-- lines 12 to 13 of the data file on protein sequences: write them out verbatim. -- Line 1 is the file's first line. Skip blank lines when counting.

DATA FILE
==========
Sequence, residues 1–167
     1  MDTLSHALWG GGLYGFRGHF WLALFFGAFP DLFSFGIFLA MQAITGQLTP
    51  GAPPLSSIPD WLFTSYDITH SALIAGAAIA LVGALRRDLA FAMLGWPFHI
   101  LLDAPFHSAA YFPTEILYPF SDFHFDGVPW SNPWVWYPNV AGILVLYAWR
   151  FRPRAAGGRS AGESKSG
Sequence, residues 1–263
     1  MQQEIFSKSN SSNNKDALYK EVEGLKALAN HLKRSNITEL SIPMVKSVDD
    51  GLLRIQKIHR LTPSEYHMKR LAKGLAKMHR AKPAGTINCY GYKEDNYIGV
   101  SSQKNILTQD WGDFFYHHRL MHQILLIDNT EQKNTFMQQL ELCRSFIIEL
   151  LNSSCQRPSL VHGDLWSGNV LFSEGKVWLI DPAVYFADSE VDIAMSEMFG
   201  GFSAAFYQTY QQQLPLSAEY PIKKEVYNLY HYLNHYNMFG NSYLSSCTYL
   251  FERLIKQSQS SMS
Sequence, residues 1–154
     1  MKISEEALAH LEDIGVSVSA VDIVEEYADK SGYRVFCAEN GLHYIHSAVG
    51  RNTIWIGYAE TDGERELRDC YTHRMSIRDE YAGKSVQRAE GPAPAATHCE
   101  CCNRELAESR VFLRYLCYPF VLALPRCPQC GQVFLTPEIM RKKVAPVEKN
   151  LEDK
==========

   251  FERLIKQSQS SMS
Sequence, residues 1–154